Instead of trying to reconstruct an exact pedigree that is
challenging from genetic data alone in wild populations, we
built a genetic network using relatedness information .
Network analysis is now a common tool used to characterize
animal social associations  including sharks . However,
it has rarely been used to illustrate the genetic relationships
between individuals in a population despite its advantage to
incorporate a large amount of data into a simple visual graph
. The genetic network was built from the matrix of genetic
relatedness together with individual characteristics (size, sex
and group membership) using the programs SOCPROG 
and NETDRAW 2.123 . Only the R values of first-order
genetic relationships (PO, FS and HS) inferred from ML-
RELATE were retained in this network for an easier
The program CERVUS  was first used to find highly
probable mother–offspring and father–offspring pairs.
Assignment to these potential parents was done under a strict
confidence level of 95%. These mother–offspring and father–
offspring pairs were then identified in the input file of COLONY
188.8.131.52  as known maternity and paternity. COLONY 184.108.40.206
 implements a full-likelihood approach to parentage
analysis and was shown to outperform other programs in cases
of less than 20 microsatellite markers . We considered both
parent-offspring relationships and sibship amongst offspring.
Adults were separated by sex, and we assumed a polygamous
mating system for both sexes, therefore allowing the
assignment of half-siblings. We carried out a long-run with
medium likelihood precision and a genotyping error rate of 1%.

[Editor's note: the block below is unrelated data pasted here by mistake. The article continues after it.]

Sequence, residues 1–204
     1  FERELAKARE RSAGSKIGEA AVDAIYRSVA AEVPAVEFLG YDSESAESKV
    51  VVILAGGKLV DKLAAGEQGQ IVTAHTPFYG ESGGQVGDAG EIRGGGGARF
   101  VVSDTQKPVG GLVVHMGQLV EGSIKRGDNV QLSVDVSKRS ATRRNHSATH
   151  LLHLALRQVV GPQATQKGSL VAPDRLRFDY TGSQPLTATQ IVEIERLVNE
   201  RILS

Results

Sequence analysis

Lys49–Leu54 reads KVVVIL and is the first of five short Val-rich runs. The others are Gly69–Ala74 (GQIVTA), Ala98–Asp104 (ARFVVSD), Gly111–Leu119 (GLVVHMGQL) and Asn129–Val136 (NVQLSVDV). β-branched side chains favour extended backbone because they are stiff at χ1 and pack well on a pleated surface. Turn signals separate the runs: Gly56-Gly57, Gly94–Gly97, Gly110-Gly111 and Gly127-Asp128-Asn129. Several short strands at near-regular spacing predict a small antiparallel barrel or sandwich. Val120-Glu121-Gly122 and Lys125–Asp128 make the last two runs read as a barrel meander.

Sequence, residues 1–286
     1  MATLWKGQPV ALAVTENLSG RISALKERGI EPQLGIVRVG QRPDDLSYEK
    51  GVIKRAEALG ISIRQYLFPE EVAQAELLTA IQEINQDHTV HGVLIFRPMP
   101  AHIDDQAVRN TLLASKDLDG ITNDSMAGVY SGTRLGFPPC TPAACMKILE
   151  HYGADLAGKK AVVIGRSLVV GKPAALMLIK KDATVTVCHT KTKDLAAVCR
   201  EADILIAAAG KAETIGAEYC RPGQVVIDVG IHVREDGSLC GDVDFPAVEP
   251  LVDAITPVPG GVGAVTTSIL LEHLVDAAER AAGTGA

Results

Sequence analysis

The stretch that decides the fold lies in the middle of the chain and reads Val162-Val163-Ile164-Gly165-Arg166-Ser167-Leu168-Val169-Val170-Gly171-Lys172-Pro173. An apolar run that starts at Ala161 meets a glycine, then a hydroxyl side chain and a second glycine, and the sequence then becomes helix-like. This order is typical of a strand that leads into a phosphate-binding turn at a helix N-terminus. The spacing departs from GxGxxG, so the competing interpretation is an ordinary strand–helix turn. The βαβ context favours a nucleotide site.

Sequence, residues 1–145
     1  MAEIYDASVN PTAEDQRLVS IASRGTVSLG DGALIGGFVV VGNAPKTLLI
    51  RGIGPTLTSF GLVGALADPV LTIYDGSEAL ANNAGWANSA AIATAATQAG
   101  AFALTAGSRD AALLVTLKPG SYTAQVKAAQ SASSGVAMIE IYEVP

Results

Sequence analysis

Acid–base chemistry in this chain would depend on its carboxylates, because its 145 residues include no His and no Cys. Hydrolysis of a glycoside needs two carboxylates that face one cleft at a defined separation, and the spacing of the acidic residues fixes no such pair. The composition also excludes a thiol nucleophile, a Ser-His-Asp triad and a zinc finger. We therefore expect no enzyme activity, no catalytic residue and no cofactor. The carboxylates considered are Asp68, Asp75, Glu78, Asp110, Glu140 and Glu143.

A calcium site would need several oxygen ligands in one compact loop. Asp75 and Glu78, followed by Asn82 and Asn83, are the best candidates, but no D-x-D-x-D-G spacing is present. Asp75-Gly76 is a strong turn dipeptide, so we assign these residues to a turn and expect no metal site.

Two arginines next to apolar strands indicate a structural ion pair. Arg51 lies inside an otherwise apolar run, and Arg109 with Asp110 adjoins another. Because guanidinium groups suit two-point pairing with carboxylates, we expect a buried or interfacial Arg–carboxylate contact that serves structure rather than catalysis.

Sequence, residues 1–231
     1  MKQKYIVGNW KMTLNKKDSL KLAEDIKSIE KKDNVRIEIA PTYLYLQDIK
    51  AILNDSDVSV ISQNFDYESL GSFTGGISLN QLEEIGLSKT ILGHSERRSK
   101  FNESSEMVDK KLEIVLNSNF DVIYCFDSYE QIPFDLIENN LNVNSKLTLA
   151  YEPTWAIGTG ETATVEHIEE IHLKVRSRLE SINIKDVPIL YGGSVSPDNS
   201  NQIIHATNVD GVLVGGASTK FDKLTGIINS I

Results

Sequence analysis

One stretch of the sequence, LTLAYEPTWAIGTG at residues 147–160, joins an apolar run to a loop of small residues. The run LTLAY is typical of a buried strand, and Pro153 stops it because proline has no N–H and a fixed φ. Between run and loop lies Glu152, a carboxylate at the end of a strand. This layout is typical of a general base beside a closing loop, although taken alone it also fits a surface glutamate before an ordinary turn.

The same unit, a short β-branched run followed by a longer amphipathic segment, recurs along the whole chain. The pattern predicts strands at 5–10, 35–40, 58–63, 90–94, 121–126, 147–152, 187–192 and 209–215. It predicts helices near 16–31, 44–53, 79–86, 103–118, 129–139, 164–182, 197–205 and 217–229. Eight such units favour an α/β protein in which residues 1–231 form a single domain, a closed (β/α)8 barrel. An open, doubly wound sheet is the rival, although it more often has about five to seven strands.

The prior probability that the true parent was present in the
sample was set to 0.5 for fathers and 0.25 for mothers based
on the proportion of sampled males and females that were
assigned to offspring by CERVUS. We conducted other runs
varying the input parameters such as the mating system for
each sex. For each analysis, 3 replicate runs were conducted
on the same data set. Each of the replicate runs used different
random number seeds to initiate the simulated annealing
processes. Parental genotype reconstruction was also
performed with COLONY allowing to infer the number of
breeders in the population. Therefore, total number of breeders
was assessed either by reconstructing males and females’
genotypes from young of the year half-sib groups or by directly
assigning parentage to offspring from sampled adults.
To test for inbreeding, we used a Monte Carlo simulation
implemented in STORM 1.0 . This analysis generates
offspring internal relatedness (IR) values expected from the
gene pool if mating is random with respect to parental
relatedness. We calculated the average observed IR for all
offspring (n = 52) and adults (n = 33) sampled. We generated
simulated IR measures by sampling random males (n = 13)
and females (n = 20) with replacement. Each random mating
pair produces a simulated offspring whose internal relatedness
can be measured. The observed mean IR was then compared
with the distribution of average simulated IR produced from
1000 iterations. Potential bias of allelic diversity into IR